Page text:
Designing and financing optimal enforcement for small-scale fisheries and dive tourism industries. McDonald, G., Mangin, T., Thomas, L. R., & Costello, C. Marine Policy, 67:105--117, May, 2016.
Designing and financing optimal enforcement for small-scale fisheries and dive tourism industries [link]Paper  doi  abstract   bibtex   
Effective enforcement can reduce the impacts of illegal, unregulated, and unreported (IUU) fishing, resulting in numerous economic, ecological, and social benefits. However, resource managers in small-scale fisheries often lack the expertise and financial resources required to design and implement an effective enforcement system. Here, a bio-economic model is developed to investigate optimal levels of fishery enforcement and financing mechanisms available to recover costs of enforcement. The model is parameterized to represent a small-scale Caribbean lobster fishery, and optimal fishery enforcement levels for three different stakeholder archetypes are considered: (1) a fishing industry only; (2) a dive tourism industry only; and (3) fishing and dive tourism industries. For the illustrative small-scale fishery presented, the optimal level of fishery enforcement decreases with increasing levels of biomass, and is higher when a dive tourism industry is present. Results also indicate that costs of fisheries enforcement can be recovered through a suite of financing mechanisms. However, the timescale over which financing becomes sustainable will depend largely on the current status of the fishery resource. This study may serve as a framework that can be used by resource managers to help design and finance economically optimal fisheries enforcement systems.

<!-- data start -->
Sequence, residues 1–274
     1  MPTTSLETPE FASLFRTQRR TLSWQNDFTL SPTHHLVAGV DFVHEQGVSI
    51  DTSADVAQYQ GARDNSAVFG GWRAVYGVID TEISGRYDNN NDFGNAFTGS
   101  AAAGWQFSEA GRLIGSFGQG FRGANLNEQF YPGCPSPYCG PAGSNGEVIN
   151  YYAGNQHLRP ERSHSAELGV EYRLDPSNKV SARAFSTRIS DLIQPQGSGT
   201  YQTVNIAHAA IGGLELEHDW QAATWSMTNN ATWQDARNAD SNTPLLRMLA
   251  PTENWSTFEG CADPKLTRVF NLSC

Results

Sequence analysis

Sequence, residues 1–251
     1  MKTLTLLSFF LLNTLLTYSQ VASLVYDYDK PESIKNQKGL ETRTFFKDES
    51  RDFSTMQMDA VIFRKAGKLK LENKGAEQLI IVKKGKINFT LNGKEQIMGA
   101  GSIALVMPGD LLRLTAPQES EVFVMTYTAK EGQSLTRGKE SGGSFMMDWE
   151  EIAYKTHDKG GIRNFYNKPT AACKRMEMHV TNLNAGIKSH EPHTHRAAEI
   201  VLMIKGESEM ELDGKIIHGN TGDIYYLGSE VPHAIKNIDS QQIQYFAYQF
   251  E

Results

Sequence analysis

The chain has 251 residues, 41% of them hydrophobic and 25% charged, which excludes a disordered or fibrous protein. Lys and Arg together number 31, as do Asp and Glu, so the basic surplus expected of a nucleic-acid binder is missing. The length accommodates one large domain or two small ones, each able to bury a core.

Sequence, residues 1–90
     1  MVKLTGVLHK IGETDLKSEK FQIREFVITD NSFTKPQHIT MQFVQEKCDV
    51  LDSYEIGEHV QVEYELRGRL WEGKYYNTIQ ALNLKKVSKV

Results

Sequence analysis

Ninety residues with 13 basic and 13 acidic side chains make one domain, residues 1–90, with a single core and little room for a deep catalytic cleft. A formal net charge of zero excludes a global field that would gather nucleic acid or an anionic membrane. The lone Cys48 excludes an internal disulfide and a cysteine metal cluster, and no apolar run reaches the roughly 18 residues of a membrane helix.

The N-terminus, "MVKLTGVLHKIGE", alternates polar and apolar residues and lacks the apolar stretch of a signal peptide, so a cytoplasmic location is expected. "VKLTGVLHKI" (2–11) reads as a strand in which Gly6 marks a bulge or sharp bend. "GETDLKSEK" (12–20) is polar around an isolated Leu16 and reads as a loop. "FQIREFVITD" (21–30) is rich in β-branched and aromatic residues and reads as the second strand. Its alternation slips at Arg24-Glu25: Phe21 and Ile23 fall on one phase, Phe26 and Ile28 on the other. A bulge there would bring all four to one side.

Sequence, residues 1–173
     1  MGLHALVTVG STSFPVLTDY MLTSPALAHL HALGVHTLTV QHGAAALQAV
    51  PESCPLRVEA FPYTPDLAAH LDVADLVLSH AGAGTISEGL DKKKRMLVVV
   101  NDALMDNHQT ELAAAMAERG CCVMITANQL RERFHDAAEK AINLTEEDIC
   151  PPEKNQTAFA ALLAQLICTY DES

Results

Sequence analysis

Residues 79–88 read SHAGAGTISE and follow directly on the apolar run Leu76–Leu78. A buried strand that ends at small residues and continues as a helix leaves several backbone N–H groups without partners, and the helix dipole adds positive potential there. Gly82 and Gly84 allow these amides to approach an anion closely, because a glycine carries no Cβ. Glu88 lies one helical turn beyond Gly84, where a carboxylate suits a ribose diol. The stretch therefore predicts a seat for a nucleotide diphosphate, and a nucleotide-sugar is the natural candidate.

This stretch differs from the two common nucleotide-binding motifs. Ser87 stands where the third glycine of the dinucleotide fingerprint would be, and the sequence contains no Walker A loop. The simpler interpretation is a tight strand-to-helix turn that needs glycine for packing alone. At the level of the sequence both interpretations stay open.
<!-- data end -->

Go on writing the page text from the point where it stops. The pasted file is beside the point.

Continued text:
@article{mcdonald_designing_2016,
	title = {Designing and financing optimal enforcement for small-scale fisheries and dive tourism industries},
	volume = {67},
	issn = {0308-597X},
	url = {http://www.sciencedirect.com/science/article/pii/S0308597X16000476},
	doi = {10.1016/j.marpol.2016.02.003},
	abstract = {Effective enforcement can reduce the impacts of illegal, unregulated, and unreported (IUU) fishing, resulting in numerous economic, ecological, and social benefits. However, resource managers in small-scale fisheries often lack the expertise and financial resources required to design and implement an effective enforcement system. Here, a bio-economic model is developed to investigate optimal levels of fishery enforcement and financing mechanisms available to recover costs of enforcement. The model is parameterized to represent a small-scale Caribbean lobster fishery, and optimal fishery enforcement levels for three different stakeholder archetypes are considered: (1) a fishing industry only; (2) a dive tourism industry only; and (3) fishing and dive tourism industries. For the illustrative small-scale fishery presented, the optimal level of fishery enforcement decreases with increasing levels of biomass, and is higher when a dive tourism industry is present. Results also indicate that costs of fisheries enforcement can be recovered through a suite of financing mechanisms. However, the timescale over which financing becomes sustainable will depend largely on the current status of the fishery resource. This study may serve as a framework that can be used by resource managers to help design and finance economically optimal fisheries enforcement systems.},
	urldate = {2016-03-19},
	journal = {Marine Policy},
	author = {McDonald, Gavin and Mangin, Tracey and Thomas, Lennon R. and Costello, Christopher},
	month = may,
	year = {2016},
	keywords = {Ecosystem services, Fisheries cost-recovery, Illegal, unregulated, and unreported (IUU) fishing, Optimal fisheries enforcement, Small-scale fisheries},
	pages = {105--117},
	file = {1-s2.0-S0308597X16000476-main.pdf:files/54167/1-s2.0-S0308597X16000476-main.pdf:application/pdf;ScienceDirect Full Text PDF:files/54151/McDonald et al. - 2016 - Designing and financing optimal enforcement for sm.pdf:application/pdf;ScienceDirect Snapshot:files/54152/S0308597X16000476.html:text/html}
}
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